David Irvine: ASIO’s responsibility and ‘diligence in the shadows’

ASIO boss David Irvine outlined the “significant issues in relation to the security and the safety of Australians” in an address to the National Press Club this week.

During my five years as director-general of Security, I have occasionally emerged from the shadows to talk on three specific subjects: the threats from terrorism and cyber-attacks and the Australian experience of managing a secret security intelligence service in a democracy under the rule of law.

In recent months I have been in the public arena more than is customary and perhaps more than I would prefer. This is because we are currently facing significant issues in relation to the security and the safety of Australians. We are also debating how to improve the mechanisms by which Australia detects and responds to security threats.

I want today to focus on three key points:

  • The threats Australia faces from espionage and terrorism are real, but they are manageable if we maintain our vigilance and update our intelligence capabilities to meet the changing demands of the operating environment.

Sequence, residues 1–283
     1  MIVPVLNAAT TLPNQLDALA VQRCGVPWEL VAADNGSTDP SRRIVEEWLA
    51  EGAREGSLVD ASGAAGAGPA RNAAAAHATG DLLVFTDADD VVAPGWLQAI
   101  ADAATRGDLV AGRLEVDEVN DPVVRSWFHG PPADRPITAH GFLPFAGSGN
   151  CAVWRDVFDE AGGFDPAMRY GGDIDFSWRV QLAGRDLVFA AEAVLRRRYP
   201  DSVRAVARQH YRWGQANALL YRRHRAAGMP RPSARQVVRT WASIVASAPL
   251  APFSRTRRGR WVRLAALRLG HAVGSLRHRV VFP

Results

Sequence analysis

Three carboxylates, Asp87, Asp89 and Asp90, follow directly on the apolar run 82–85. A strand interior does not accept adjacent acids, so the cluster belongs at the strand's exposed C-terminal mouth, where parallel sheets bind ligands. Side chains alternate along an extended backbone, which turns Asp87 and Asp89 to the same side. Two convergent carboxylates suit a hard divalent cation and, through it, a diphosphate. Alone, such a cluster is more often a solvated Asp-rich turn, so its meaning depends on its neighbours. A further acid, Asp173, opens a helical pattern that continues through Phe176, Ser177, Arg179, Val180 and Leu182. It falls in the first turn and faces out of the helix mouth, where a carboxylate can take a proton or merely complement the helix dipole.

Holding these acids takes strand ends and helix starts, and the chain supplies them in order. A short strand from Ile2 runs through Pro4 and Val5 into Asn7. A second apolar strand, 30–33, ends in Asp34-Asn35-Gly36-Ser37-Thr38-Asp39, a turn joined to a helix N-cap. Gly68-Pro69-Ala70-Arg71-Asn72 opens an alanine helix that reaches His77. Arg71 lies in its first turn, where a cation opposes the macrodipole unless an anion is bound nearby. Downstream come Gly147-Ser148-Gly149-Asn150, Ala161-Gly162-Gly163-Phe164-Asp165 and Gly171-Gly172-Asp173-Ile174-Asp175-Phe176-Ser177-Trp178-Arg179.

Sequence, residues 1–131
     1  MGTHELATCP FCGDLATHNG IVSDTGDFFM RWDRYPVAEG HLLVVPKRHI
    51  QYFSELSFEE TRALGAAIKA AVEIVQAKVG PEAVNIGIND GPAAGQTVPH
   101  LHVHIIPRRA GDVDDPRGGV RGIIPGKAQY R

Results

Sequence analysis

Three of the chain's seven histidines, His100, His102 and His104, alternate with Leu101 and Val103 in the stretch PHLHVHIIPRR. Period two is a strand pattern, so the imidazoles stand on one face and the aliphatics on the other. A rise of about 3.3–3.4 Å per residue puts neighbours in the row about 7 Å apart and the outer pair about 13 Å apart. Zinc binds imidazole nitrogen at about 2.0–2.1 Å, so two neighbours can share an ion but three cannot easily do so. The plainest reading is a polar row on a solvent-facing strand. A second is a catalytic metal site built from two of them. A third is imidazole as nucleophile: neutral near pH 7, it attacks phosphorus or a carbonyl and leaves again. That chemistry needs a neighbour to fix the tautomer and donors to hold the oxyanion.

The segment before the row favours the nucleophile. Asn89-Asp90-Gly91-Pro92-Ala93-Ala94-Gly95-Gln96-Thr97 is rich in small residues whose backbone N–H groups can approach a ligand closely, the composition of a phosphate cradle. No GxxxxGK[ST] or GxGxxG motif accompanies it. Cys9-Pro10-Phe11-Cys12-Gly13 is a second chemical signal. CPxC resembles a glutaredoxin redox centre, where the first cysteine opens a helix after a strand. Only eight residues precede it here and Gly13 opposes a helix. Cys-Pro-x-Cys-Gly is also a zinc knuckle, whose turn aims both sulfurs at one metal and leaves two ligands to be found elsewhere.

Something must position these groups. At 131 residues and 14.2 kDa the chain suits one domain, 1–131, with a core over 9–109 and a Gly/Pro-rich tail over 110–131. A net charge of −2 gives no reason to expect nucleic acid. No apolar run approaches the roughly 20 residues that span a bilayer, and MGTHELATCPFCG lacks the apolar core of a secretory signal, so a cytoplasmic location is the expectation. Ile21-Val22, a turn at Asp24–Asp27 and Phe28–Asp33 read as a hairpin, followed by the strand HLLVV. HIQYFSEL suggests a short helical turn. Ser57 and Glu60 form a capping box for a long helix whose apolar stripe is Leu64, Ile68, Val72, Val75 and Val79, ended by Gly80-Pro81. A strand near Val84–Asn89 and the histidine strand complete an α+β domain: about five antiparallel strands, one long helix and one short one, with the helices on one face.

• It is my firm belief that Australia needs a security service, governed by law and with appropriate safeguards in place, to protect against threats to the nation’s security and the lives of our citizens.
  • The existing regime of checks and balances in respect of ASIO is working and does not need substantial revamping that merely increases the cost and bureaucracy but adds nothing the effectiveness of the oversight we already have.

The security environment today is becoming more complex since I was appointed as director-general of security in 2009, in part due to the march of technology and in part because of changes in the nature of the threats we face.

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